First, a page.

Professionalizing Under-Recognized Cadres to Strengthen Health Systems
CapacityPlus raised awareness of the need to professionalize under-recognized cadres of health workers that play essential roles in well-functioning health systems, including contributing to the launch of global coalitions and tools to strengthen and support the supply chain and social service workforces.
Ramping Up Public Health Supply Chain Workforce Management Skills: Lessons Learned in Latin America and the Caribbean
In response to the evident need for building up the supply chain management workforce, the USAID Bureau for Latin America and the Caribbean provided financial support to CapacityPlus to enhance capacities in Central American countries. The project coordinated a regional HIV/AIDS Commodity Security Workshop to share and apply lessons learned from USAID’s ten-year Latin American contraceptive security work and from specific health workforce and supply chain work already done in the region. Additionally, workshops focusing on supply chain workforce motivation and quality of services were held in the Dominican Republic and El Salvador. Building on the action plans developed at its workshop, El Salvador sought to delve more deeply into ways to systematically improve the quality of services through supportive supervision. This technical report reviews the actions taken and lessons learned in strengthening and professionalizing the supply chain workforce.
The Composition of the Social Service Workforce in HIV/AIDS-Affected Contexts
The social service workforce plays an invaluable role in supporting, protecting, and advocating for vulnerable children and families. This technical report describes the composition of the social service workforce drawn from several sources of data, including a literature review primarily focused on workforce issues in HIV/AIDS-impacted countries in sub-Saharan Africa. It is intended to help the field move toward a common understanding of functions associated with different cadres within the social service workforce, titles associated with workers who perform these functions, and education or training that is typically associated with these cadres. Taking into consideration the differences across countries, the authors propose additional emphasis on some broad areas—including examples of promising practices—that will help to clarify the composition of social service workforce. A more in-depth look at how public-sector social service workers are classified in Kenya is available as an annex.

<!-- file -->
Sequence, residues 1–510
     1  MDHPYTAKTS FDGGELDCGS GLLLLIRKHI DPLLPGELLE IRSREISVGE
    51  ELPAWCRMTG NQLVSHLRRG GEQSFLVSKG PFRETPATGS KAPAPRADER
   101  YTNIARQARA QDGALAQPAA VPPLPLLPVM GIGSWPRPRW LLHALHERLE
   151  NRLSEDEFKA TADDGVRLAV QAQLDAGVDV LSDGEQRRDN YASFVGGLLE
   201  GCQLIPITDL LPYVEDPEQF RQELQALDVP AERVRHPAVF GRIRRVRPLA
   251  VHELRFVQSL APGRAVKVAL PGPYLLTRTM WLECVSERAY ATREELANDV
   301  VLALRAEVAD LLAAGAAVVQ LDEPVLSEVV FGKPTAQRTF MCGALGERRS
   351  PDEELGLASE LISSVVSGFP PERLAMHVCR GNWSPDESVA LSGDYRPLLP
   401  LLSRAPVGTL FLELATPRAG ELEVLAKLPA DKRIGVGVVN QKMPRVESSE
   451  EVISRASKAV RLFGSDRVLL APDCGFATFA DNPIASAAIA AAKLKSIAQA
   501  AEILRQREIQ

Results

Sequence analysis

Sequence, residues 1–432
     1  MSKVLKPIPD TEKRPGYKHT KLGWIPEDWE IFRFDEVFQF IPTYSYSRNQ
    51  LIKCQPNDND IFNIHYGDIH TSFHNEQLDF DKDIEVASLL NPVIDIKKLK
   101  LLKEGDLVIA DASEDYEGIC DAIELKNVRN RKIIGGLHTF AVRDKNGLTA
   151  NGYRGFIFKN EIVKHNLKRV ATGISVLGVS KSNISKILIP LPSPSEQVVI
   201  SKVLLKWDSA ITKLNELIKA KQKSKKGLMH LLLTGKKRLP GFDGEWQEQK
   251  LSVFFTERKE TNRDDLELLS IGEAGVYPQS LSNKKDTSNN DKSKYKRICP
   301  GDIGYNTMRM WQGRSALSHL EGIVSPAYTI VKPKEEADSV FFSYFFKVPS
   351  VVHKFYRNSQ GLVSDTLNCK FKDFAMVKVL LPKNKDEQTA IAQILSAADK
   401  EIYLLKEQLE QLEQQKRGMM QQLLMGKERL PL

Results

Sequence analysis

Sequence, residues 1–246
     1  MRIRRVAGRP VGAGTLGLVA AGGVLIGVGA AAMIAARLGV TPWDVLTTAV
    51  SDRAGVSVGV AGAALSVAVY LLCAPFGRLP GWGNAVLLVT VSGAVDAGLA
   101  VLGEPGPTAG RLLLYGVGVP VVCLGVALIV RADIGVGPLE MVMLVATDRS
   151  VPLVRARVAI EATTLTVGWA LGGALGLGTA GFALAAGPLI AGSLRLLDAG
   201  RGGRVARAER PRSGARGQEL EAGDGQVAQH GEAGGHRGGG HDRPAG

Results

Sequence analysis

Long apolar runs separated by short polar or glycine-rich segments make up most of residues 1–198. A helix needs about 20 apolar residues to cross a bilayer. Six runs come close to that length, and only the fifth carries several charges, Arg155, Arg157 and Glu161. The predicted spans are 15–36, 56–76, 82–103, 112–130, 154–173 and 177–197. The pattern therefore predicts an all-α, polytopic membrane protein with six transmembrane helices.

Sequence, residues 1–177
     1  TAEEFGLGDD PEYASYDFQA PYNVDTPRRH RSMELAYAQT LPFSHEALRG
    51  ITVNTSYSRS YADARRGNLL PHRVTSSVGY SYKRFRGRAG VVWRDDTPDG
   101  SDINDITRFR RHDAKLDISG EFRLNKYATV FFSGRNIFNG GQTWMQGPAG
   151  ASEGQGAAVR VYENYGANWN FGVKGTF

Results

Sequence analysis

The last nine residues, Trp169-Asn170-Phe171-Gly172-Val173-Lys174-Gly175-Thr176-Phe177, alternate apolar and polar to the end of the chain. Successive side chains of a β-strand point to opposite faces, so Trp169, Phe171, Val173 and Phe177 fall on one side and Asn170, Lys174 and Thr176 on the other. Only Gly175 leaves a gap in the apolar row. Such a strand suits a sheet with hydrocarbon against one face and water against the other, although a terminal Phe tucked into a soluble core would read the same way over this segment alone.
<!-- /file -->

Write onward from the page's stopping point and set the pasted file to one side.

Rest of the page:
The People That Deliver Initiative: Namibia’s Integrated Actions to Improve the Health Supply Chain Management Workforce
In November 2013, Namibia's Minister of Health presented a formal request to the People that Deliver (PtD) Board and member institutions for technical support to develop a sustainable strategy to improve access to health commodities. Led by the government of Namibia and supported by expertise from the People that Deliver Initiative and its members, notably the USAID- and PEPFAR-funded Supply Chain Management System project and CapacityPlus, the PtD-Namibia collaboration sought to understand and improve Namibia’s public sector health supply chain management workforce, focusing on the Ministry of Health and Social Services' immediate priority: staff at the central medical store and regional medical depots. This synthesis report documents the PtD-Namibia collaboration’s findings and outcomes in five priority activity areas as well as its collective results, all of which have great potential to have a positive impact on the country’s supply chain management workforce development and planning.
Working Paper on the Role of Social Service Workforce Development in Care Reform
This working paper explores the topic of social service workforce development as it relates to child care reform. It is intended to be a useful resource for reform efforts and a practical overview for use by policy-makers, practitioners, and service providers in contexts that are either considering the implications of care reforms for their social service workforce or are already engaged in a process. The paper illustrates key issues by drawing on the experiences of Indonesia, Moldova, and Rwanda, three countries in the process of reform, each within their own context and history, social and political system, protection structure and services, and social service education system.